It seems to me, though, in my simplicity, that "technology" is not all that it's cracked up to be. The oft used example is that if fridges ran like computers consumers would be up in arms about the inefficiency. But, of course, it's not just limited to computers.

Thursday, January 12, 2012

Coffee 2 go

It's commonly known that I am not a coffee connoisseur. I'm an instant coffee guy. And I mean that. A few years ago (quite a few) when friends and I frequented a certain Muffin Break (in the old Northlands Mall), I talked the proprietor into keeping a bag of instant coffee in the bottom cupboard just for me. So every day he'd make me an instant coffee, charge me four dollars and laugh all the way to the bank.

I still drink instant coffee, and the cheaper the better. I like the Home Brand and Budget brews. Why pay ten bucks for a bag of Nescafe when the cheaper stuff for two ninety nine a bag, sometimes as low as one sixty nine, taste just the same?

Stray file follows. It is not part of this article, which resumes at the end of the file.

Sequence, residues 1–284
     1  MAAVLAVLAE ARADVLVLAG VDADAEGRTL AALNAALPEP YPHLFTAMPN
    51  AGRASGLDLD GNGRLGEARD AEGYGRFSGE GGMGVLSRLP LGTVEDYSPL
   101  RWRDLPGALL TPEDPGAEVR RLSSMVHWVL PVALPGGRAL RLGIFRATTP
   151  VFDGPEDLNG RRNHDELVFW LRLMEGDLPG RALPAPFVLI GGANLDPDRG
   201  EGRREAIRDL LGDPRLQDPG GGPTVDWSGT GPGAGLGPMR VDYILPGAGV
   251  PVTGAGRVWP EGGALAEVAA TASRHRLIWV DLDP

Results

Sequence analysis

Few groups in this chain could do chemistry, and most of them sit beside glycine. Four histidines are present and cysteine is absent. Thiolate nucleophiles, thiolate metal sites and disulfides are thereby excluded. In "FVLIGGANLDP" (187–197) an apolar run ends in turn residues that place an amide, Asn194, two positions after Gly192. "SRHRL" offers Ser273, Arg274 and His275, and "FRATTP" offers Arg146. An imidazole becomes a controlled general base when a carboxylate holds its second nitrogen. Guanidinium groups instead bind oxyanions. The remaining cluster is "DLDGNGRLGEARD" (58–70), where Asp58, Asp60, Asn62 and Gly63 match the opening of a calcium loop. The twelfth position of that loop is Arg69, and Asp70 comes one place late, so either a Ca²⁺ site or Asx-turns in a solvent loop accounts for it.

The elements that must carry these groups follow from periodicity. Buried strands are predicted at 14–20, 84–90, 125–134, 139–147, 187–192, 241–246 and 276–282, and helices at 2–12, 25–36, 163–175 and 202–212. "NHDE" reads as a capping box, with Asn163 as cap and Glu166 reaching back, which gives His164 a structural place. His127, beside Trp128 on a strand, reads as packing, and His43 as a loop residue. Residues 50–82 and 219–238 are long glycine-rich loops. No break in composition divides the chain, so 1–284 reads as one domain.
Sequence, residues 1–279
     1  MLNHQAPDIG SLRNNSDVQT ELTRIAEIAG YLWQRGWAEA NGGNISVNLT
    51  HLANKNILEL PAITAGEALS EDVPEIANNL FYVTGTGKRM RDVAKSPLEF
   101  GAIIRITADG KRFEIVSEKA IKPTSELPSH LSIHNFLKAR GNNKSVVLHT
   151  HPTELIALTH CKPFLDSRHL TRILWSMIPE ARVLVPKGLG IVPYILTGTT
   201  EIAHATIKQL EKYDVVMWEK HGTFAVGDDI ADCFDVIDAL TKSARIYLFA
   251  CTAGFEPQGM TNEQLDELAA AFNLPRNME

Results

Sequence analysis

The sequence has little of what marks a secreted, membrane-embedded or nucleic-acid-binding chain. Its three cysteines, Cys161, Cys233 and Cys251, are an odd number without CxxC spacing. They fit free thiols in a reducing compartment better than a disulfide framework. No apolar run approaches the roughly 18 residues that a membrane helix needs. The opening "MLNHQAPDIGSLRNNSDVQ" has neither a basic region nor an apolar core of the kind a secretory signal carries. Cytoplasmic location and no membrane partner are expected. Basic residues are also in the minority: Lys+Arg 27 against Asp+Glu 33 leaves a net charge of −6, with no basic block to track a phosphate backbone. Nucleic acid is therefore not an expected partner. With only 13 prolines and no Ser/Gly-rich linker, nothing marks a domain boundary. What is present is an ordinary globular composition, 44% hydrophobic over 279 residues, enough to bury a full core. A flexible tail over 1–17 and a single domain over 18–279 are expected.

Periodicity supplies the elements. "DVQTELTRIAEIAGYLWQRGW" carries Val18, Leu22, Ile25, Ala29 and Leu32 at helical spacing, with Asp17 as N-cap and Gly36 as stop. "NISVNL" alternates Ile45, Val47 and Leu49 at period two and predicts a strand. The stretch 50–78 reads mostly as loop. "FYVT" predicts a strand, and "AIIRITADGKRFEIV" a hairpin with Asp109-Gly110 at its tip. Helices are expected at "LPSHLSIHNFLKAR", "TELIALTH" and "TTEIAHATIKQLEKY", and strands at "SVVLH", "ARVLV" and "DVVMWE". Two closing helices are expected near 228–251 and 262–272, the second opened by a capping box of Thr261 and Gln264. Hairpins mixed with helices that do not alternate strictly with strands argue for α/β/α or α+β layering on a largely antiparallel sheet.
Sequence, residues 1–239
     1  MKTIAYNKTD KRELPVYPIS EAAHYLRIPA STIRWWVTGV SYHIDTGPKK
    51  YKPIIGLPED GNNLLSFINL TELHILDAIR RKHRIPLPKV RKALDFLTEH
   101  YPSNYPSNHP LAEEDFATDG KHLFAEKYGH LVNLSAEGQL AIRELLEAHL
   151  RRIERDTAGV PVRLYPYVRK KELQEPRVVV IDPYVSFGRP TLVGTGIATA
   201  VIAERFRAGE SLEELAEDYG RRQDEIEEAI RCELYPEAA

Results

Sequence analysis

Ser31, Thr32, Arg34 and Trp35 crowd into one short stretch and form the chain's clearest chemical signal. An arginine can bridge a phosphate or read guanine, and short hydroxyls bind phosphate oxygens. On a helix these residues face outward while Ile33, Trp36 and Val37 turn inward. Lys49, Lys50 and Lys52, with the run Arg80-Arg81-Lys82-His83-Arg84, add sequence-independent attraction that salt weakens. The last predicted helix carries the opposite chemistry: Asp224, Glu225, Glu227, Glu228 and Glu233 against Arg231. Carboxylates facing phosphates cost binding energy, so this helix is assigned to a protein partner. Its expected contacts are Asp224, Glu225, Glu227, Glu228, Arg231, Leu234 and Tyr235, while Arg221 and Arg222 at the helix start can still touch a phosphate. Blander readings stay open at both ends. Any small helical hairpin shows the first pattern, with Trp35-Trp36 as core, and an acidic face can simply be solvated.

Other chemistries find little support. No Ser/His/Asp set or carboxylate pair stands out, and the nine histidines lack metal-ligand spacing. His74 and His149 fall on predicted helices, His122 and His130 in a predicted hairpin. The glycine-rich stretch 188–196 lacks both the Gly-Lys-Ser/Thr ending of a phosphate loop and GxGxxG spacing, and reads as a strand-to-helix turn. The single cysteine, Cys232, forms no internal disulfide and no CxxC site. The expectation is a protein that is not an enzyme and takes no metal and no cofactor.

When I go to Coffee Culture I wish I could get a decent cup of instant coffee. Not perked either. That stuff's just nasty.

Saturday, January 07, 2012


Sumner Sunrise
"For me optimism is two lovers walking into the sunset arm in arm. Or maybe into the sunrise - whatever appeals to you."
         - Krzysztof Kieslowski

I think I'm a sunrise person. It appeals to me (more than sunset). Is it simply the colours, or is it something more ethereal, in all senses of the word? The freshness of the air; the promise of an entirely new day, an opportunity to start again regardless of what happened yesterday; the feeling that no matter what, today just might be the day when existing ceases, and living begins.